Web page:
Sixpack Annie

| August 2, 2012

The 1970s was a great decade for exploitation film, and virtually no subject was off limits to enterprising filmmakers looking to make a quick buck on the drive-in circuit. The big studios rarely dipped their toes into most exploitation subgenres until they had proven to be profitable for the little guys, and sometimes they kept their hands off entirely– Ilsa, She-Wolf of the SS might have made some money for its producers, but the majors certainly weren’t in any rush to hop on that particular train. One exploitation genre that had been around for some time before being refined by H.G. Lewis and Russ Meyer’s 1960s hits such as Two Thousand Maniacs (1964) and Lorna (1965) is popularly known as “hicksploitation” (or “hixsploitation”).

Lewis and Meyer raised the profile of hicksploitation by making consistently profitable films in that genre in the 60s, and exploitation legend Bethel Buckalew made nearly an entire career from it in the early 1970s with films such as Country Cuzzins (1970), The Pigkeeper’s Daughter (1972) and Tobacco Roody (1972). As usual, the major studios were late to the game: American International Pictures produced Sixpack Annie, which was picked up for release by MGM in 1975. It makes sense that the studio would take the chance on Sixpack Annie, which features plenty of exploitable content (most notably Miss USA 1972 Lindsay Bloom in the title role), but is much less outlandish than some of its down-and-dirty drive-in contemporaries.

Annie Bodine works at a diner owned by her Aunt Tess (Danna Hansen) and spends most of her time carousing with her best friend Mary Lou (Jana Bellan) or her boyfriend Bobby Joe (Bruce Boxleitner) and being chased by lovesick Sheriff Waters (Joe Higgins) and sleazy local Bustis (Larry Mahan). When banker Mr. Piker (Donald Elson) informs Aunt Tess and Annie that they need to come up with nearly six thousand dollars in a week to stop the bank from foreclosing on the diner, Annie decides to head to Miami and ask her sister Flora (Louisa Moritz) for the money. Or, failing that, finding a “sugar daddy” of her own to pay off Mr. Piker and save the diner.

Once Annie and Mary Lou reach Miami, though, they find that Flora has hardly “made it big”– she’s barely scraping by as a hooker with a clientele mostly made up of nervous out-of-town businessmen. Worse, Annie is averse to any “weird stuff,” and not being all that bright, she’s susceptible to being duped by guys pretending to be rich. Mary Lou gets a job at a bar where she’s inexplicably dressed as a rat (a Playboy Bunny-inspired rat, but still) and Annie takes advice from Flora and career drunk Jack Whittlestone (Richard Kennedy) while she searches for her “Sugar Daddy” to no avail. Still, it comes as little surprise when the girls return home for a convenient Deus Ex Moonshine Still finale that puts the Sheriff and the villainous banker in their place.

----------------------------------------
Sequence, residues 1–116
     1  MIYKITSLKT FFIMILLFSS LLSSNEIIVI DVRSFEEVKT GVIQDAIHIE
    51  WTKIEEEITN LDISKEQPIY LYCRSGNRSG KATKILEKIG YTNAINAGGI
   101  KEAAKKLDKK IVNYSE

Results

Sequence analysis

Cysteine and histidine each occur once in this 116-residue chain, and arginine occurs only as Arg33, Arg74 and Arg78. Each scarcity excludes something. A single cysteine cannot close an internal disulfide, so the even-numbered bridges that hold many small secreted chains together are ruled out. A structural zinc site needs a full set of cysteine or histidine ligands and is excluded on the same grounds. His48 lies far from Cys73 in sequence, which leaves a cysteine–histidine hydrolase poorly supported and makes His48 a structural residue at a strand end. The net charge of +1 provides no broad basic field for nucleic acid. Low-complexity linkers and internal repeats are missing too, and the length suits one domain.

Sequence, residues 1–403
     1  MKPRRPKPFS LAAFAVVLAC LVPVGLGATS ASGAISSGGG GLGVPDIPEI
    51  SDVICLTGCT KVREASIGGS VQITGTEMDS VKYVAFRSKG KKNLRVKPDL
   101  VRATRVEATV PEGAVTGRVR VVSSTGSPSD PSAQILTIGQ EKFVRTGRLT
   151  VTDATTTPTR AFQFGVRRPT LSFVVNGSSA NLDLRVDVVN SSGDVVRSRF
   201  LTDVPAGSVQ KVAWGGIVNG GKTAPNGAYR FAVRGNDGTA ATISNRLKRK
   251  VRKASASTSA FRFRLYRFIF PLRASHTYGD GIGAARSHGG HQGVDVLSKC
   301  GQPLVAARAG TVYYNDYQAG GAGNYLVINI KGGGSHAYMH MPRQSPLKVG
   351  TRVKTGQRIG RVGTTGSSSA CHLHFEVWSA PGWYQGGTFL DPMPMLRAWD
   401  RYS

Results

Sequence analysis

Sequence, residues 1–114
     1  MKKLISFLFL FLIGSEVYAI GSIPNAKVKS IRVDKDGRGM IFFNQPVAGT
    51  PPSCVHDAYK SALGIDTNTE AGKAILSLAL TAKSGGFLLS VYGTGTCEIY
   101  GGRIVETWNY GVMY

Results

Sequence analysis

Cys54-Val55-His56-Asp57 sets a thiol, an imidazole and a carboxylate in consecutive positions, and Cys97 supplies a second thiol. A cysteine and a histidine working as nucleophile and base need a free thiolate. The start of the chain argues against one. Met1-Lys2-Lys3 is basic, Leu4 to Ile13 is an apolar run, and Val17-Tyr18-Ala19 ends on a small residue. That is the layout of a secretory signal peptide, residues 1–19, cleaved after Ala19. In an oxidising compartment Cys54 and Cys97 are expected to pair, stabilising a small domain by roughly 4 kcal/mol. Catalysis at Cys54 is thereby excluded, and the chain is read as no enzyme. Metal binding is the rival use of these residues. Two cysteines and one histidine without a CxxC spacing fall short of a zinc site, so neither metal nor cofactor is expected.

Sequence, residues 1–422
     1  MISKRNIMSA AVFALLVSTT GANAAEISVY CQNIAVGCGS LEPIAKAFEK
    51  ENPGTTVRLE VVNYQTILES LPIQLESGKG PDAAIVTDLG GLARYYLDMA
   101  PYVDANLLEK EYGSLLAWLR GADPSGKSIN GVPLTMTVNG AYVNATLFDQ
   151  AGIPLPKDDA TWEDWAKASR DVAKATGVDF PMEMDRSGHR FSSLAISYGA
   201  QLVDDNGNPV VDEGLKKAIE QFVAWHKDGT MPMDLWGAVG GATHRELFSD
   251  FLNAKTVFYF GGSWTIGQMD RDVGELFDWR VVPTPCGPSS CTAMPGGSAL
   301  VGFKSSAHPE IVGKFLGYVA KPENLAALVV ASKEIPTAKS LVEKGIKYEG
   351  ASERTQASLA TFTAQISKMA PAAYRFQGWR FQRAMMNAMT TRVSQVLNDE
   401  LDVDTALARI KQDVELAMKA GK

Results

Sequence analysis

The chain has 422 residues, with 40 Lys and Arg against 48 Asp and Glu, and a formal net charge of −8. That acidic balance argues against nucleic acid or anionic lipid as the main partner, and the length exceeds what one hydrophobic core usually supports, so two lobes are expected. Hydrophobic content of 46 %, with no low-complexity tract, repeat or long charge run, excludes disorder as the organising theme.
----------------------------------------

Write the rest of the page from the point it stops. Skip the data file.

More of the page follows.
Sixpack Annie has plenty of the distinguishing marks of the hicksploitation genre: beer, booze, bar fights, boobs, ridiculous accents and pickup trucks. The character of Annie herself is a pretty hilariously unappealing heroine for modern audiences. Not only is she a bit dim and pretty clearly an alcoholic, she’s ready to ditch her boyfriend for anybody who has the money to pay off the banker and save her Aunt’s diner (including the Sheriff!). This is to say nothing of Annie and Mary Lou’s casual homophobia– after picking up a couple of hitchhikers Mary Lou hopes will give them some “action,” the girls kick them out of the truck after it turns out they’re gay. “They must have some Yankee blood in ’em,” observes Annie with some gravity. “Can you imagine a Southern boy acting like that?”

Needless to say, anyone who is easily offended will want to steer well clear of Sixpack Annie, or pretty much any hicksploitation movie, really. However, as a look back on what sort of thing even the major studios would release in the 1970s, it’s a fascinating time capsule and potentially a serious guilty pleasure. And for exploitation fans, this new MGM Limited Edition Collection DVD is a no-brainer. Previously only available on VHS, this new transfer is presented in the correct widescreen aspect ratio, with bright colors and sharp detail. The DVD is completely bare bones, but it’s still well worth having the film in a version that looks and sounds this good. Score another one for the MGM Limited Edition Collection!

About the Author:

Jason Coffman is a film writer living in Chicago. He is author of "The Unrepentant Cinephile," and a regular contributor to Daily Grindhouse and Film Monthly as well as a member of the Chicago Independent Film Critics Circle. He is co-director of the Chicago Cinema Society and proud owner of 35mm prints of Andy Milligan's "Guru, the Mad Monk." Follow his long-form film writing on Medium:
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